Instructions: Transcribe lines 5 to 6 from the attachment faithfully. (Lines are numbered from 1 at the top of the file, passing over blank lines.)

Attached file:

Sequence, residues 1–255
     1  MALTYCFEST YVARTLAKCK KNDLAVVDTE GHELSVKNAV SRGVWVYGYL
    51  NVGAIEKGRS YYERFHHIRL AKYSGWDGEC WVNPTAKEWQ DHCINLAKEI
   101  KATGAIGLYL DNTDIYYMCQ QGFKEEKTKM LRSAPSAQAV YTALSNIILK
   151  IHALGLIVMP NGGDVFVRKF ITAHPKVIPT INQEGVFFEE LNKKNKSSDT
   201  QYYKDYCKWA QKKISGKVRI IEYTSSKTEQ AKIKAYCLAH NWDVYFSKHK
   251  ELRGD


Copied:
   151  IHALGLIVMP NGGDVFVRKF ITAHPKVIPT INQEGVFFEE LNKKNKSSDT
   201  QYYKDYCKWA QKKISGKVRI IEYTSSKTEQ AKIKAYCLAH NWDVYFSKHK